"I think I just got there in time. I think they would have taken Jack's bike with them," she said.

As a police officer arrived, Eric Marshall drove through the alley where he saw a mess of bikes and bike parts in the garage, and in the backyard "there were bikes all around," he said. "There were parts of maybe 20 or 30 bikes, but it was hard to tell exactly."

Eric Marshall said the officer lined several bikes up outside the garage, taking photos and attempting to get serial numbers to match with any bikes reported stolen. Jack's bike already had scratch marks where the culprits tried to remove stickers, as well as some new parts added, only hours after it was stolen.

"'It seems like everyone at the house knew what was going on, but nobody did anything until we stumbled into our son's bike," Eric Marshall said.

The Marshalls credit Duluth police with fast action, but said the officers had few options because the teenagers had already left.

"They took it very seriously. They did their jobs," Eric said of the police efforts.

Amber Marshall said the woman at the house told the Marshalls to put the word out for anyone who was missing a bike in the Lincoln Park neighborhood to come over and look in the garage. The Marshalls took a photo of a lineup of bikes that they posted on Facebook.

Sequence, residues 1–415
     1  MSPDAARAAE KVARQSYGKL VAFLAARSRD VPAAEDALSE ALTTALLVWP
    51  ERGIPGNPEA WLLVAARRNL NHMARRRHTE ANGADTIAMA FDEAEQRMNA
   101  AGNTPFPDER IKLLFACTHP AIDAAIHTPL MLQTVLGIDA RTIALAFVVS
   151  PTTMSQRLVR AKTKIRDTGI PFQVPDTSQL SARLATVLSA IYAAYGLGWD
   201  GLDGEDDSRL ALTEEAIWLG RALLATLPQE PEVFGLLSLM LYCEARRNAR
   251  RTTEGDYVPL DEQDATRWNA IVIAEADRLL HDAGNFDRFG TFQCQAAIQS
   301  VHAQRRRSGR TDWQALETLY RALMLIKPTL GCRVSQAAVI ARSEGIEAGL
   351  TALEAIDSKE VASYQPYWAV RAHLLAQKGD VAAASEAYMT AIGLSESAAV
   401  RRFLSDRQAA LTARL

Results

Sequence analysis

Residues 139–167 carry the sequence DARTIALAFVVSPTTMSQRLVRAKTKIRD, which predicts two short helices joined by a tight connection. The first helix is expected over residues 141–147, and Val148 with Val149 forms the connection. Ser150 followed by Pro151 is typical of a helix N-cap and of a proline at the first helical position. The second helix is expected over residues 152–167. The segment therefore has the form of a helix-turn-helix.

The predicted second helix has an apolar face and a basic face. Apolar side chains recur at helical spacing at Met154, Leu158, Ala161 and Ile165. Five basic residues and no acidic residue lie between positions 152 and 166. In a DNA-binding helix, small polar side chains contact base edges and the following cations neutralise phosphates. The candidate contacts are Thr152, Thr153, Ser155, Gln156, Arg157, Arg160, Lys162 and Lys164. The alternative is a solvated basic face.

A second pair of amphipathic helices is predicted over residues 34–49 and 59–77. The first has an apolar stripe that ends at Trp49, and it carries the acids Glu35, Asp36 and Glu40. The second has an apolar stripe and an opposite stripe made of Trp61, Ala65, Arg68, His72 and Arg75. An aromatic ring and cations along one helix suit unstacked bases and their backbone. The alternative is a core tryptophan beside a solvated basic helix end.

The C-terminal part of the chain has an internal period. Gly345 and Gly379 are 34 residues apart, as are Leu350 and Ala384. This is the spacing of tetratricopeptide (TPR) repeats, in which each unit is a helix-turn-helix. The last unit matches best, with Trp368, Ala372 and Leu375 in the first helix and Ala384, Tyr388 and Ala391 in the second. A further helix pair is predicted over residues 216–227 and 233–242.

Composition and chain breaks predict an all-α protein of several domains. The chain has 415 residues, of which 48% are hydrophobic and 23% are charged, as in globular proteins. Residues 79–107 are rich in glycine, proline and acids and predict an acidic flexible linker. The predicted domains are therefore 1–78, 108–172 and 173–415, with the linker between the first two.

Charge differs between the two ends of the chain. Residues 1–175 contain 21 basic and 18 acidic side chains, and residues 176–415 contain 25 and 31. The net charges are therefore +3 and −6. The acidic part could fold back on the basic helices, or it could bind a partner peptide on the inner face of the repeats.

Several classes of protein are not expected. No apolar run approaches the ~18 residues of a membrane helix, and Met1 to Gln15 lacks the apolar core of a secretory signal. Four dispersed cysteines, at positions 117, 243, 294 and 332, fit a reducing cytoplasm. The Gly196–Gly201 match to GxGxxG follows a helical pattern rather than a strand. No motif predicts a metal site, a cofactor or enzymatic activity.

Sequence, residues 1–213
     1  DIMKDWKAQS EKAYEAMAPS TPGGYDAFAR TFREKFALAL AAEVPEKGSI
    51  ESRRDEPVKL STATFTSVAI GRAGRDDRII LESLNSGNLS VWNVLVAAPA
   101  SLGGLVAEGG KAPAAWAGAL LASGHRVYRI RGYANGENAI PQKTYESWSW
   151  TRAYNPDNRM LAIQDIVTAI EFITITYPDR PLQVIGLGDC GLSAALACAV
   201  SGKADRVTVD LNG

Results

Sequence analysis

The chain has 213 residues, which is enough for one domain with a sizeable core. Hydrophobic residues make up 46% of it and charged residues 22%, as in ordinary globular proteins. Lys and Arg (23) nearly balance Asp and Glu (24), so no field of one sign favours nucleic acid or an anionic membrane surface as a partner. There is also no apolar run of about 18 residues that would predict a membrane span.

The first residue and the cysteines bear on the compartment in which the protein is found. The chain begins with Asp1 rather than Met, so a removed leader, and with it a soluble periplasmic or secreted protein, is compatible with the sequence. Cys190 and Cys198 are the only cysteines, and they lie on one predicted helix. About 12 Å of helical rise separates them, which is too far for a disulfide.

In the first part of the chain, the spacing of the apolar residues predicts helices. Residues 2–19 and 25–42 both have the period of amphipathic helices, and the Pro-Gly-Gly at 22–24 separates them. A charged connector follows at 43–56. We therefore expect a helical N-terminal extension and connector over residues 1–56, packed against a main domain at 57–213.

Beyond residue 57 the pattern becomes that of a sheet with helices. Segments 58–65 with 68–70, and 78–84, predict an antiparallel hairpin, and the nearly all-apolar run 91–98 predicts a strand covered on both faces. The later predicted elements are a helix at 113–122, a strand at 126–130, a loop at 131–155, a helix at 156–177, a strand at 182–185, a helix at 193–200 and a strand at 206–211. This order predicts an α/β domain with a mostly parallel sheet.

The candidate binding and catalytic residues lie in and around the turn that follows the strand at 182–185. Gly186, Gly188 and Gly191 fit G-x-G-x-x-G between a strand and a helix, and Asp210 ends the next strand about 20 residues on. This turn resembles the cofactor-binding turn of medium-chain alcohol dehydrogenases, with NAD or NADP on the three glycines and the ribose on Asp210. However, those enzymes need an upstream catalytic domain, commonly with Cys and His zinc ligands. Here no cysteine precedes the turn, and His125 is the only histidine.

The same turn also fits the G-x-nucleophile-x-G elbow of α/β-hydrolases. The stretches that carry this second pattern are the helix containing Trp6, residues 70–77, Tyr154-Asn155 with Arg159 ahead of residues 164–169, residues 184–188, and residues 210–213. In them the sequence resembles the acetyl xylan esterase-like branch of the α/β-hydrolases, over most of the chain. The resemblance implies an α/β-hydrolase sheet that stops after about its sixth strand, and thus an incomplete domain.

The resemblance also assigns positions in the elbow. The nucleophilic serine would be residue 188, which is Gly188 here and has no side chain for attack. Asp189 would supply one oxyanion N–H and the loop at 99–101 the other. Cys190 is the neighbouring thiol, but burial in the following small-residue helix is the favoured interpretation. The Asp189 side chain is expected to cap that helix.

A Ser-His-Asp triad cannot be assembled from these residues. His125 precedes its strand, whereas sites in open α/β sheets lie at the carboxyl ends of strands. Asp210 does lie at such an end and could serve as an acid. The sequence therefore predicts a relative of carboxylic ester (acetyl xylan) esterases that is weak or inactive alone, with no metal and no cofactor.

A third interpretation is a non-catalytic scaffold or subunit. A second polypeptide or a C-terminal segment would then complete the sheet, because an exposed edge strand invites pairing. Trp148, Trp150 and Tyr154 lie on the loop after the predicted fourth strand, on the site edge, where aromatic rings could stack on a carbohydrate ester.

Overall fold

"But the bikes were so parted out, and painted, and just in pieces. ... There wasn't much left of any one bike,'' Eric said. "I don't know what they were doing with them - maybe using the parts to make superbikes and selling them? There were a lot of broken hearts piled in that garage."

Duluth police spokesman Ron Tinsley confirmed Wednesday that police responded to the 2300 block of West Fourth Street but said that the investigation into bikes discovered there is not complete.

Tinsley encouraged people to report any stolen bike, as the Marshalls did. But unless the bike is unusual or the owner has a photo or an accurate serial number, Tinsley said they can't be easily identified even if they are recovered.

"We want people to call. But most people don't. Most people don't think there's anything they can do," Tinsley said. "It's great to have identifying characteristics so you can go on social media and ask people, have you see my bike?"

On Wednesday several bikes remained outside the still-open garage. The bikes appeared to have dissimilar parts connected; some were spraypainted.

A young boy in the alley Wednesday who said he lives in the neighborhood said he had helped the teenagers build bikes in the garage, but that the teens had moved away. When asked where the teens got all the bikes, the young boy said they found them or bought them.

The Marshalls said Wednesday that they doubted anyone else would find their intact bike in the cache in the alley behind West Fourth Street, or that anyone would ever be prosecuted. Some friends and neighbors already had checked to see if their missing bike was in the mix.

So far, Amber said, no one found the bike they were looking for.

"But we got Jack's back,'' Amber said as she watched Jack take a spin down the sidewalk. "So we made one kid very happy."